Pakistan charges doctor who helped CIA find Osama bin Laden with murder
Authorities in northwest Pakistan have charged the doctor who helped the CIA find Osama bin Laden with murder and fraud, officials and a defence lawyer said Saturday.
“A murder and fraud case was registered against Shakeel Afridi this week after a tribal woman accused him of killing her son,” a senior government official in Peshawar told AFP.
Afridi’s lawyer Samiullah Afridi confirmed the charges, which come some three months after his conviction for treason was overturned.
Afridi was recruited by the CIA to run a fake vaccination programme in the Pakistani town of Abbottabad in hopes of obtaining DNA samples to identify Al Qaeda chief bin Laden, although medics never managed to gain access to the family.
The doctor was arrested after US troops killed bin Laden in Abbottabad in May 2011.
Islamabad branded the raid a violation of sovereignty, and Pakistan’s relations with the US fell to an all-time low.
In 2012 Afridi was convicted of treason over alleged links to militant group Lashkar-e-Islam, under the tribal justice system of his home district of Khyber, part of Pakistan’s semi-autonomous tribal belt
He was sentenced to 33 years in jail and fined $3,500. Angry US politicians saw the sentence as retaliation for his role in bin Laden’s capture, and last year threatened to freeze millions of dollars in vital aid to Islamabad.
In August, his sentence was overturned and he now faces a retrial.
Afridi’s lawyer Samiullah Afridi, who shares his client’s tribal name, told AFP on Saturday that the new charges against the doctor were “strange”, as the death of which he was accused occurred six years ago.
“How strange it is that authorities registered these cases after six years,” the lawyer said, adding that he will defend his client in all the cases.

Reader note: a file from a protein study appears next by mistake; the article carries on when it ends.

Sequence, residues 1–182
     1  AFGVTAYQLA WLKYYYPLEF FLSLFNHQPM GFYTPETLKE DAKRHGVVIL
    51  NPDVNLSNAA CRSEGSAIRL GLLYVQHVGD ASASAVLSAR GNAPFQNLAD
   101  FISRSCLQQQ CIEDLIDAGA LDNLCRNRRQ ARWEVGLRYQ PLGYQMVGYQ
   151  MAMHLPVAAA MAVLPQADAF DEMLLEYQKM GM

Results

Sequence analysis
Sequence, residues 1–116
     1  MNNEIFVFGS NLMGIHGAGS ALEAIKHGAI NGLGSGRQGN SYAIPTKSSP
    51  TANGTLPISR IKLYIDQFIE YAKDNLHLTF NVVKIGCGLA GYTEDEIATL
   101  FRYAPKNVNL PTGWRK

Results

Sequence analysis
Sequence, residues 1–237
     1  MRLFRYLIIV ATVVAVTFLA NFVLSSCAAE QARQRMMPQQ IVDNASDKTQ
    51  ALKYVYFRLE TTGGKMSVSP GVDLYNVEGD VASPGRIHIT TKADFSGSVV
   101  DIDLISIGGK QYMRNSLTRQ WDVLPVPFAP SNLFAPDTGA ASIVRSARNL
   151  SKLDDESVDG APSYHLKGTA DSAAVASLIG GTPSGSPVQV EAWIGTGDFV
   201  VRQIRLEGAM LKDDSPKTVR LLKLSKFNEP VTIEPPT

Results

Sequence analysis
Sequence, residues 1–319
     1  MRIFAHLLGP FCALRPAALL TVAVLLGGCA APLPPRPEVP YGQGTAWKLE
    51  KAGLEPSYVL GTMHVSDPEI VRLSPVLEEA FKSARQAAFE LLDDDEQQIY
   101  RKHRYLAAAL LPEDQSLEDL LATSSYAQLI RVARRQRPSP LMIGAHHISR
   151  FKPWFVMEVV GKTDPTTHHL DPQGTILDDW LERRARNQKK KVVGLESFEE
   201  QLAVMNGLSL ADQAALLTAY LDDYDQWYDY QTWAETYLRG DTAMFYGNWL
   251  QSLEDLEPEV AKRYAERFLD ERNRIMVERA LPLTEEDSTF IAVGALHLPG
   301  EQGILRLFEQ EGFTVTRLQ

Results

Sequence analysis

Naseeb Gula, from the northwestern tribal district of Khyber, accuses Afridi of killing her son Sulaiman Afridi, who also shares the tribal name, in 2007.
She said the doctor operated on her son three times for appendicitis, but that he died after the operation.
She also accused Afridi of fraud, saying he was not authorised to operate on her son because he was not a surgeon.
Under the tribal justice system, Afridi faces a life sentence if convicted in the murder case. Punishment for fraud is seven years in jail, his lawyer said.
“These new charges are just delaying tactics to keep him in jail as much as possible,” Samiullah Afridi told AFP.
A hearing has been fixed for December 20 in the main jail in Peshawar, Afridi’s lawyer said.
It was decided to hear Afridi’s case inside a jail due to security threats, according to a letter written by officials.
Lashkar-e-Islam, the militant group in Pakistan’s Khyber district that Afridi was accused of having links to, and the Taliban have both threatened to kill him.
Authorities in Peshawar, where Afridi is being held away from Taliban and other terror suspects in jail, have demanded several times that he be transferred to a more secure prison.
An official letter seen by AFP and sent to the prison authorities in Peshawar confirmed the registration of murder and fraud cases and asked officials to make arrangements for a hearing.
“The accused (Shakeel Afridi) should not be produced in this court due to security reasons,” said the letter, sent by a top official in Khyber.
“His case would be heard in Peshawar jail premises,” it added.
Lashkar-e-Islam, led by warlord Mangal Bagh, is a militant organisation feared for kidnappings and extortion in Khyber, where Afridi worked for years as a doctor.